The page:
For my third novel, EMPTY LUCK, I decided to see if I could find a traditional publisher, rather than self-publish as I did with my first two books. I thought I would have a better chance of getting my work into bookstores, as well as getting an advance and maybe help with marketing. That was the hope.
The experience, so far, has been both unnerving and disappointing. I immediately discovered that nobody simply finds a publisher (unless you want a vanity publisher where the author pays the publication cost. A traditional publisher does not charge the author for publishing his work.) I learned that getting a traditional publisher requires first getting an agent.
And getting an agent is no small task. First it requires writing a query letter. This is a very specific document which is supposed to include certain sections and characteristics. It should be about 300 words long. It should explain why you have written the particular agent, how your work falls within their areas of interest, and why you are the right person to write the book you are offering. In addition, it should include a concise “pitch,” a longer synopsis, and your background mentioning other relevant books you have previously published.
Those are the general guidelines for a query letter. But it turns out that every agent has their own criteria. For example, not everyone wants to read a “pitch.” Some want the first chapter, or the first ten pages, or the first 50 pages. Others want to understand the theme of the book. The requirements are all over the map. So much for the one unchanging query letter.
Back to the process… I developed a list of potential agents. To do so, I Googled phrases like “suspense literary agents,” and “agents seeking new authors.” I found directories of agents through venues like Writer’s Digest and Poets and Writers. I also found a website called “Manuscript Wish List” (https://www.manuscriptwishlist.com/) which lists many agents and the kinds of work they are seeking. Eventually, I set up a spreadsheet with 143 agents who indicated they were interested in adult suspense stories.
I picked out a subset from my list and began contacting them. One thing I learned was to save my best prospects for later in the process. Simply put, I got better at presenting myself. I think it took me about 40 queries before I felt my efforts best described myself and my work.
I’m still in the midst of this project. So far, I have sent 56 queries. I doubt I will send many more. Each submission takes at least an hour to compose, some as long as three hours. I’m close to my limit. So far, I have heard back from 14. All said no. At best they wrote “Your concept sounds intriguing, but I’m afraid it is not quite a fit for me.” I’m still waiting to hear from the rest. Some stated on their websites that they would not write back unless they were interested, so I know there are more than 14 rejections already. I get it. This is a numbers game, if it is going to succeed at all, but it can feel pretty discouraging. I think if nothing comes of this round of queries, I will go back to self-publishing.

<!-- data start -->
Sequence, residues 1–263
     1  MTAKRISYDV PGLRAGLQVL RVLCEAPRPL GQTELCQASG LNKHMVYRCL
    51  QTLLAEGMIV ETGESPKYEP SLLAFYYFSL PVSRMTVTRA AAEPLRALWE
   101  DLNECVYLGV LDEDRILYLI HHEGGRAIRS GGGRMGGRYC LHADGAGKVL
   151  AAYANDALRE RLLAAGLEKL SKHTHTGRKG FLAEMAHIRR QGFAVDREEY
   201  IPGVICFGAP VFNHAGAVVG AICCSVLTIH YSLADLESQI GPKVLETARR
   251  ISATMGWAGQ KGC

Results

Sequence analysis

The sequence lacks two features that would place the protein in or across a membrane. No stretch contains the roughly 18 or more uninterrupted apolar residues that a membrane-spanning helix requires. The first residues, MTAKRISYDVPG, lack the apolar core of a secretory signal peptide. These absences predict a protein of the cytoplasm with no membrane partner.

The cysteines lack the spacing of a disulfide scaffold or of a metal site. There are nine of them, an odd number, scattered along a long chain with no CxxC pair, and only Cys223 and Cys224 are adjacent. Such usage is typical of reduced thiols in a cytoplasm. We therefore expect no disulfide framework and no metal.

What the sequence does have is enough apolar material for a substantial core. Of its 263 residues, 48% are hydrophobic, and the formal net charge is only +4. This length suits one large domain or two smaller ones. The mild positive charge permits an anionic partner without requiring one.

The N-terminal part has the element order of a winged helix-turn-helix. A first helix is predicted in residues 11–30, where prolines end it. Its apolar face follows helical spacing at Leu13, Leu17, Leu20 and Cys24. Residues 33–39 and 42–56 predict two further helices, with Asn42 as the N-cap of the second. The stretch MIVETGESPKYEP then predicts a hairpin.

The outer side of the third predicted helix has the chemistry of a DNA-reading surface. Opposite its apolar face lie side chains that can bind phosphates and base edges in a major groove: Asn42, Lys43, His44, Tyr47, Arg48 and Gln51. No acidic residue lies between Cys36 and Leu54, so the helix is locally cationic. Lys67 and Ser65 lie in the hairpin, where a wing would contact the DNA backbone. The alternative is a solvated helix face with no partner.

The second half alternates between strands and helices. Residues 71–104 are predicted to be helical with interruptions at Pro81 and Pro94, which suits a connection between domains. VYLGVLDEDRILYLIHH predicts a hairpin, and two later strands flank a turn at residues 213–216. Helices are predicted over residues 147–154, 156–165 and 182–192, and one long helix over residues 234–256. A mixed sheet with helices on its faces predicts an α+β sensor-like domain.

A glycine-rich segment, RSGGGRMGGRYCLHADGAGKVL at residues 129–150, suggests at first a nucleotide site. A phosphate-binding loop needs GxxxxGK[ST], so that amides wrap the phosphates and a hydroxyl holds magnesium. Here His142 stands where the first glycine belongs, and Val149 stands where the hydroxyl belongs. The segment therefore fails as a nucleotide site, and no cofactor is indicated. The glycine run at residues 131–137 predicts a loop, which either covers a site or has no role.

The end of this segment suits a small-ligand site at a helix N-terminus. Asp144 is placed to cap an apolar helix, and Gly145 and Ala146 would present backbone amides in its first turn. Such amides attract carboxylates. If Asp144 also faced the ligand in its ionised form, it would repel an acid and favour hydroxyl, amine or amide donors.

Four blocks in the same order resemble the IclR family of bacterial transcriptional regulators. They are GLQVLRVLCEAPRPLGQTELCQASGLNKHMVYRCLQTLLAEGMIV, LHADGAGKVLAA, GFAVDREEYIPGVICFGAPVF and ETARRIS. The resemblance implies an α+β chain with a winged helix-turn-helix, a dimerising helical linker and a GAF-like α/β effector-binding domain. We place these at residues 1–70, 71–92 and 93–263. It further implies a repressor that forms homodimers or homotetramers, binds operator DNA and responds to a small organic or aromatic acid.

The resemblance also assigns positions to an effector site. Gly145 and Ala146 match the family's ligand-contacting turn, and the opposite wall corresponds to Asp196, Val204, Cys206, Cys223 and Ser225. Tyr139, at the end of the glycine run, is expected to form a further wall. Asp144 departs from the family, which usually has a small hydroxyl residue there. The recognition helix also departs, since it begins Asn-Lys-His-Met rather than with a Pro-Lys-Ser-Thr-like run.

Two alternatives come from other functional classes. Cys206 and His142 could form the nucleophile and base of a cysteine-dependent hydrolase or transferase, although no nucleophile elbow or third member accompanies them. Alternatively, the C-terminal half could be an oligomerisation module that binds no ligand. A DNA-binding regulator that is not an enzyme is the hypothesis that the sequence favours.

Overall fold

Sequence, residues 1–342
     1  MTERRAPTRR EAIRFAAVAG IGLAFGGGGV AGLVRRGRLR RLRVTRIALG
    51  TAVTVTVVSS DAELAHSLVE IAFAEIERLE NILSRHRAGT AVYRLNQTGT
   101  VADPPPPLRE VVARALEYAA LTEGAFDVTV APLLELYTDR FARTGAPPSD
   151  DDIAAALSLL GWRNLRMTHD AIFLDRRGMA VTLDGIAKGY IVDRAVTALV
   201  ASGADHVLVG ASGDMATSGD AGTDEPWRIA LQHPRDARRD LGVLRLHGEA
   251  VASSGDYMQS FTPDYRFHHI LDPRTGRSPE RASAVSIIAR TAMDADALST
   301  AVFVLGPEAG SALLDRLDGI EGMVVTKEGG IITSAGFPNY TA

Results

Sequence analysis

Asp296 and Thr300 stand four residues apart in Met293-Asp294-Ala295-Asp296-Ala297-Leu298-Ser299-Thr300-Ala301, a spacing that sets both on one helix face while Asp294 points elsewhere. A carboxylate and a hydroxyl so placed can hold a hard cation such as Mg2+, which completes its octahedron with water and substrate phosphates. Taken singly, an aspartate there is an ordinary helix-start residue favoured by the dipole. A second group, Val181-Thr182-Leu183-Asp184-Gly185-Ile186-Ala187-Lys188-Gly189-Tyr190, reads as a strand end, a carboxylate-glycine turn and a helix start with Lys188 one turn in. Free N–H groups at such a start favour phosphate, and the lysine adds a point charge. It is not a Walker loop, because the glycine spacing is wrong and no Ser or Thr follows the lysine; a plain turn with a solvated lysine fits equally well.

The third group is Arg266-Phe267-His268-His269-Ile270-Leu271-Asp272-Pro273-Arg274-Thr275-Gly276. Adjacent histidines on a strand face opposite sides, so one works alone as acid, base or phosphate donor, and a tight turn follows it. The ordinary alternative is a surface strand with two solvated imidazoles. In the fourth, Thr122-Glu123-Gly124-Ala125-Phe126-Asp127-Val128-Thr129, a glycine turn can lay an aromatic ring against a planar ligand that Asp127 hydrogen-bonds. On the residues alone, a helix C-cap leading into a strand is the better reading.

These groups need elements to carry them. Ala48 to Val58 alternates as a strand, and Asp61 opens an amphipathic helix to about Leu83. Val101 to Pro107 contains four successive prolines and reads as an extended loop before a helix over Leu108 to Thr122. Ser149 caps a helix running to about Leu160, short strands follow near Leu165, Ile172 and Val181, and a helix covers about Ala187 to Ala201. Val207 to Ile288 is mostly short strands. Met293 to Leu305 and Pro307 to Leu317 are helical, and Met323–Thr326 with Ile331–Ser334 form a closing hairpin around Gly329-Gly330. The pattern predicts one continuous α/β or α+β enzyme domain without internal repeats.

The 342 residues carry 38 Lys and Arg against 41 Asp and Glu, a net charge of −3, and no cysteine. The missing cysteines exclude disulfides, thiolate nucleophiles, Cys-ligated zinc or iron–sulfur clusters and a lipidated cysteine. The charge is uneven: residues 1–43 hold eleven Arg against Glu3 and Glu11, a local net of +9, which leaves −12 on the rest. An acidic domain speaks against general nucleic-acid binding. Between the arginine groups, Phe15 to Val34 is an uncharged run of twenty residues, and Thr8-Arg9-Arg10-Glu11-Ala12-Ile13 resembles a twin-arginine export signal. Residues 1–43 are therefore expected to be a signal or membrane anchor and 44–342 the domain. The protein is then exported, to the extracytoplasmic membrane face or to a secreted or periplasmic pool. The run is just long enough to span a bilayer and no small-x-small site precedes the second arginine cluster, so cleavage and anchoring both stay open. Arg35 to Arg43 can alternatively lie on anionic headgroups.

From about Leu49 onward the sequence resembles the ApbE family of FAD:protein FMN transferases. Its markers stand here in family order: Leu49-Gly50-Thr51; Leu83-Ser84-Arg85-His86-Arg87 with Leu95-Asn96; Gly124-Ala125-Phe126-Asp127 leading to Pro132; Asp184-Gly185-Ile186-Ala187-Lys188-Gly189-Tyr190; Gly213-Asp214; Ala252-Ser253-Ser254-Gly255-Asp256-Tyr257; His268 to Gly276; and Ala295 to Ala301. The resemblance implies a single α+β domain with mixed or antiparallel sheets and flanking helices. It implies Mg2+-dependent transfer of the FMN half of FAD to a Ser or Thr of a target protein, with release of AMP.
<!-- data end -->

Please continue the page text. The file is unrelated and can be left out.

There is one admittedly sexist comment I want to add. Over 80% of the agents I’ve found are women. I know I’m generalizing but I suspect most women are less interested in a male-dominated story with swearing and physical violence. I know there are exceptions, but at least my later submissions, the last half dozen or so, have all targeted male agents. I have two more to contact and then, that’s it.
After two-to-three months, I’ll post an update. In the meantime, I will start on a short story or perhaps my next book.
1 thought on “Finding an Agent – Maybe”
Hi Paul, you know that I’ve gone through the same plus some. I’m going to complete a significant redrafting of my novel by end of this summer, and start the ‘seeking an agent’ all over again. I also founds some lists of publishers of historical fiction who don’t require an agent, the author can submit to them directly, so I’ll explore this option. But I can’t help but be suspicious if they aren’t some sort of vanity outfit that will publish – for a fee. So I’ll research before submitting to any of them.
I’ve found that almost all literary agents are not only women, they are white women whose bios suggest that they are often trust fund babies. It sickens me. The response to this lack of diversity is that recently a few young people of color who reflect gender diversity have been added to the rosters, but they are looking for submissions that reflect why they have suddenly been hired – to try to attract younger, more diverse readers. It remains sickening, perpetuating stereotypes. So your comment isn’t sextist, in my opinion. And the industry is far from representing all people well.
I’ve found that very few agents respond at all, and one gets no feedback. (I’ve gotten very slight feedback from two agents who said something positive despite the rejection, so I established a bit of a rapport for a New York moment.) I thought academic publishing was difficult, and it is as difficult or more difficult than this in many ways. But academic authors are provided with feedback, whether their submission is considered for further revision, rejected, or conditionally accepted.
This non-academic side of publishing has some very cruel norms. And that includes some severe issues with representation. And of course age is a factor as well. There are only a few successful first-time novelists in late middle age or older,